Guiding Question:

How did the importation of Chinese workers affect the shoemakers' union the Knights of St. Crispin's ideals of worker solidarity, economic justice and civic equality?


By 1870, as the country was emerging from the Civil War, labor unions also were emerging as a means to deal with the wages, safety of workers, and security of jobs in the increasingly industrial economy. These nascent labor unions faced many issues as they attempted to control their members' futures. The paid labor force had grown with the granting of freedom to slaves, additionally there was an increase in immigration, an increase in workers returning from the war, and, with the completion of some of the larger railroad projects, an increase in unemployed laborers throughout the northeastern United States. The absence of government regulation of the labor force deprived the unions of any other method for bargaining other than requiring unity among its members in the event of strikes, slowdowns or stoppages. Because there were more workers than jobs, factory owners had a large available pool of workers to break strikes, split union shops and force longer worker hours, create cuts in pay and neglect worker safety.

Into this cauldron came the Knights of St. Crispin ("Crispins"). The Crispins were a union for shoemakers, and were very successful in organizing in large cities like Lynn and Lawrence. Indeed, by 1870, they even had a contingent for women, and were one of the largest unions in the state of Massachusetts.

Map of North Adams, 1881

By the spring of 1870, they had won grudging support among workers and citizens alike by a forward-thinking effort to get their members to settle into the towns in which they worked. The membership largely consisted of Irish and French-Canadian immigrants, who had, until this push by the union, been largely itinerant workers. The idea for settling into towns was twofold: it assured the unions a stable membership, and it justified higher wages. The members would be seen as good citizens, contributing to their community, and in need of a living wage to support their families. These families would then go to school and to church, and would spend money at the shops in the town. This was a win for all. Except, of course, for the factory owners, who wanted to control the issues of wages, hours and safety in their factories. As there were no laws regulating wages, and only a few regulating the work day and safety, the government supported the factory owners.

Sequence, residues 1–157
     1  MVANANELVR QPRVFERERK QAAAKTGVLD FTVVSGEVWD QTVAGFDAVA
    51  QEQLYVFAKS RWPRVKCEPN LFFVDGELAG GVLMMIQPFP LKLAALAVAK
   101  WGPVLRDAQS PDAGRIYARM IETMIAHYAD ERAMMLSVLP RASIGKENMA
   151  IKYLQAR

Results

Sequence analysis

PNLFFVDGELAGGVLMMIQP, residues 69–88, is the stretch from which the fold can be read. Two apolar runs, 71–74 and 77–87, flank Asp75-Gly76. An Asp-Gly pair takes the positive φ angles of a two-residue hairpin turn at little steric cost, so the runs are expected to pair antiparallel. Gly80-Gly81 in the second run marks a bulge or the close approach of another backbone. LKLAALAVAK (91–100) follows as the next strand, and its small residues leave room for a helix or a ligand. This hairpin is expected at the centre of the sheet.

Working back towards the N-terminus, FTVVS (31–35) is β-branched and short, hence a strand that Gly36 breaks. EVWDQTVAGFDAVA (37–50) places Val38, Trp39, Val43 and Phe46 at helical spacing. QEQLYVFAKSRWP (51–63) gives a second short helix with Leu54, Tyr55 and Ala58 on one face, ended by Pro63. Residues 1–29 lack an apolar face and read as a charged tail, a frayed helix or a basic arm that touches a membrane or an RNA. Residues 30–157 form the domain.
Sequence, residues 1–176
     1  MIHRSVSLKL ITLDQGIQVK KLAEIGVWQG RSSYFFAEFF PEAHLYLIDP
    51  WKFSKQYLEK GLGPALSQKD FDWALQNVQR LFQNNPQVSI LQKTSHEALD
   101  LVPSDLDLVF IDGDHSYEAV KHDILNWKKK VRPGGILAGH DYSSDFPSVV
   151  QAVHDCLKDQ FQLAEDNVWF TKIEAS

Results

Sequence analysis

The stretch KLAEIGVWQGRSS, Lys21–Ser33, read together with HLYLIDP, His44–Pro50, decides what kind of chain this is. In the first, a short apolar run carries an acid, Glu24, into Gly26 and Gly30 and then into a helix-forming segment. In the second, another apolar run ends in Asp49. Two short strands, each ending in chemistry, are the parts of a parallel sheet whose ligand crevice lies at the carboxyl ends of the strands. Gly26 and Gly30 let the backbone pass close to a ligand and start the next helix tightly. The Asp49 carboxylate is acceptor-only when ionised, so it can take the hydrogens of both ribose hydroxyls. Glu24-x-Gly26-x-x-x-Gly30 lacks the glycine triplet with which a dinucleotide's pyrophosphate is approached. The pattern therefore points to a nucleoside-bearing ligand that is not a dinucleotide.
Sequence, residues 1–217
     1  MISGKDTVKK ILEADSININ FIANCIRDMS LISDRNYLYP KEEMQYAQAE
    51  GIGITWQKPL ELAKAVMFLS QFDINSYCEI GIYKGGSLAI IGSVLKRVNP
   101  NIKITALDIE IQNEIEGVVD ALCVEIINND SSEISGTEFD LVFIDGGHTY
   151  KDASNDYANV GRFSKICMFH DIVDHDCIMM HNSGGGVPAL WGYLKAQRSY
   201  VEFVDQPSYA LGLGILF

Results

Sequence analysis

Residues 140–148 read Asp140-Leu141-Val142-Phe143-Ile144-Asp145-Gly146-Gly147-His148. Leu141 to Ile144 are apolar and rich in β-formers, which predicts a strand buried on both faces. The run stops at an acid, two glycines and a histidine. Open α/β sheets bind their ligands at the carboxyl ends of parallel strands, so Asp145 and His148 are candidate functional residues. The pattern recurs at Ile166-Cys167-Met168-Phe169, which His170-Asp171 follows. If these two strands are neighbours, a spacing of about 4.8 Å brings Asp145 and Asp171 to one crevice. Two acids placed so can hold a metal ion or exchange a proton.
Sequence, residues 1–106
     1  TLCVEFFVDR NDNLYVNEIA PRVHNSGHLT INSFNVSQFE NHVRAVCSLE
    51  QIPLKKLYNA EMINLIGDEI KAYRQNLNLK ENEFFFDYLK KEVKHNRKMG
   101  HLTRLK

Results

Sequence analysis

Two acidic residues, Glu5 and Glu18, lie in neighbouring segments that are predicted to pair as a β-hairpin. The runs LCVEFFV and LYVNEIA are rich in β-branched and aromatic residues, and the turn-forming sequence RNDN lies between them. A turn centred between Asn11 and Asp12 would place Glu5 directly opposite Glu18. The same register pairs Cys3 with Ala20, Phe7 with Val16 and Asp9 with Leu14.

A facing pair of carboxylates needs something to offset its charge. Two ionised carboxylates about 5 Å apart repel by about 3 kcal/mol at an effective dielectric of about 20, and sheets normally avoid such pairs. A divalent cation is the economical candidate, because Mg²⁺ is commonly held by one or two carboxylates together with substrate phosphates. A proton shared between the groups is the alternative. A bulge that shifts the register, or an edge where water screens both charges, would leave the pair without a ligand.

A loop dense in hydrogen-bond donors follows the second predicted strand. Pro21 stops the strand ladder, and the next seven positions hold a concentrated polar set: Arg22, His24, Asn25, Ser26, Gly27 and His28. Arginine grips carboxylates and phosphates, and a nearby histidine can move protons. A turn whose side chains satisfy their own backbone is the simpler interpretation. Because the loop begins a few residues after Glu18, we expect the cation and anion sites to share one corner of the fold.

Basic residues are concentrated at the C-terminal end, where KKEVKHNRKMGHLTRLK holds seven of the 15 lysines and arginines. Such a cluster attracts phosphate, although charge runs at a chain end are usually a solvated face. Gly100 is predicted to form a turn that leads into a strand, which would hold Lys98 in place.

These pressures met in June 1870, in North Adams, Massachusetts at the local shoe factory. The Knights of St. Crispin were battling a Mr. Calvin T. Sampson for restored wages, protection of union jobs, and company policy toward workers when the economy slowed, and the amount of work for the factory decreased. The Crispins had successfully intervened when Mr. Sampson tried to hire non-union workers from a nearby town to break the Crispins. When that effort failed, Mr. Sampson tried something that set the entire country buzzing: he contracted to hire 75 Chinese workers from a management company in San Francisco. The union was astonished. The impact of this decision echoed across the United States and foreshadowed the coming turmoil as the United States debated the right of Asians to immigrate to the United States.

How would the interests of differing groups of immigrant workers, union and non, as well as the factory owner, the townspeople, and the government be reconciled?

Header Images: Boot images, retrieved from American Libraries Internet Archive, published in The book of the feet; a history of boots and shoes (1847), by Joseph Sparkes Hall, p.142

Inline and Background Images: Map of North Adams, retrieved from Library of Congress